Australian parents forked out more than $65 billion last year to help their children enter the property market, making the Bank of Mum and Dad the fifth larger home lender in the country. Only the big four banks provide more financial assistance to young people.
New Mozo research found 29 percent of Australian parents help their children get a foothold on the real estate market with generous financial contributions. Forty-three percent of parents go beyond financial support, allowing their children to live at home without paying rent so they can save for a deposit more easily. Many other parents also act as guarantors for their children’s loans and assist with mortgage repayments.
Parents in New South Wales were the most generous, lending an average of $88,350 per family to help their kids buy their first homes. Victorian parents were the next generous with average contributions of approximately $63,000 per family. Perhaps it’s most surprising to note two-thirds of parents don’t expect their children to repay the sum.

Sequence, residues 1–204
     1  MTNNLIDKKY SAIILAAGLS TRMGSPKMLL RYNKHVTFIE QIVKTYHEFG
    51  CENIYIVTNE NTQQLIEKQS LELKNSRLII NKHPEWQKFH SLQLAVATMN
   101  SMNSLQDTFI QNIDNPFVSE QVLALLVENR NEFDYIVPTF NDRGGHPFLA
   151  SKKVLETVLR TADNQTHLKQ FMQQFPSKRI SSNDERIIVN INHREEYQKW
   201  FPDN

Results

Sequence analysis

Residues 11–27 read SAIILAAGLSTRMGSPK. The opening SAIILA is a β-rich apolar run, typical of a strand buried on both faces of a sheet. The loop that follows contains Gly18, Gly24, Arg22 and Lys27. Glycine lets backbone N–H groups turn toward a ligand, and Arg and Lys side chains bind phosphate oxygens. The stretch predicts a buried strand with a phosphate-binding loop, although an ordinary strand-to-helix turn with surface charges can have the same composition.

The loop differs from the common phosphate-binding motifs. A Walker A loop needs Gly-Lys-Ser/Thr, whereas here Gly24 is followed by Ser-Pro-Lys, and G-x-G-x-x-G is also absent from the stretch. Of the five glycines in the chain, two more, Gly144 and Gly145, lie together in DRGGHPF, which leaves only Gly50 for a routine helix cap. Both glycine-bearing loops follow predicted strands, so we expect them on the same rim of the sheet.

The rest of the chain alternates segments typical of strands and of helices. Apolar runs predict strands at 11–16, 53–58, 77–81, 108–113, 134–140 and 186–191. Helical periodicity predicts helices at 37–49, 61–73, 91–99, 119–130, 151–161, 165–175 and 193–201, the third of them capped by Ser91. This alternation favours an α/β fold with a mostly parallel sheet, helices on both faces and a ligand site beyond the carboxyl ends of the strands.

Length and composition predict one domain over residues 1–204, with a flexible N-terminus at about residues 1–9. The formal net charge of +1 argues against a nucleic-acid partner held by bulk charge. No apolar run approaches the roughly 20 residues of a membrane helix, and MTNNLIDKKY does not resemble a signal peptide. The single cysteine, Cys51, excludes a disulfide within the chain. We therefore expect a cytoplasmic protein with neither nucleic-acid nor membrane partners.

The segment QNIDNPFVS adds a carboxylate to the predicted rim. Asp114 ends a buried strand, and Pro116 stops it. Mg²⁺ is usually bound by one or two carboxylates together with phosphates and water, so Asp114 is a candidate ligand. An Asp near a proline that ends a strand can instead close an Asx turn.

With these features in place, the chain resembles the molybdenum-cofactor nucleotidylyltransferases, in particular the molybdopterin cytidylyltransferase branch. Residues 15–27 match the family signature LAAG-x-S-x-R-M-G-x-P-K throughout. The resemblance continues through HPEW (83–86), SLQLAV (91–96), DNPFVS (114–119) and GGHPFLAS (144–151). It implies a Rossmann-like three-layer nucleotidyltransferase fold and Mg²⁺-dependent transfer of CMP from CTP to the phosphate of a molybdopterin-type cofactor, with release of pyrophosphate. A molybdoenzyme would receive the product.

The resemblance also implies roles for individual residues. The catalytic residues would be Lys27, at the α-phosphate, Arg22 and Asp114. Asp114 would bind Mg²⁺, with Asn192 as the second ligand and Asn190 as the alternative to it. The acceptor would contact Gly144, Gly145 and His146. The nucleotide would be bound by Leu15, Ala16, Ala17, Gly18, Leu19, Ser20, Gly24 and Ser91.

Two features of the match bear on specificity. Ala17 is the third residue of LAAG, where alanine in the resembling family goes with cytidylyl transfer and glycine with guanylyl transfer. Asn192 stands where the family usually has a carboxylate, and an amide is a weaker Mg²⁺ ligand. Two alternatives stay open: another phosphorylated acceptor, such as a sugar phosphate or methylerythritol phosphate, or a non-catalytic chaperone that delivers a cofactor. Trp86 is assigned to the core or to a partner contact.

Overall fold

It’s likely that modern parents are so giving because they understand house prices have increased by 618 percent since the 1980s. Rental prices have also increased in line with this, making it difficult for young Aussies to buy homes without parental assistance.
You might assume that the mums and dads who help their kids buy homes are financially secure, but that’s not always the case. Two-thirds dip into their own savings while more than a quarter cut back on their spending. Some parents are even mortgaging the equity in their own homes to help their kids.
At Chase Edwards, we understand that entering the property market isn’t easy. However, we think it’s important parents don’t jeopardize their retirement plans to help their kids purchase their own homes. We encourage all parents to call us on 1300 854 833 to arrange a free financial health check before tying up money in a child’s mortgage. We’ll provide an honest appraisal of your financial situation and offer strategies that can help you help your kids without putting your retirement at risk.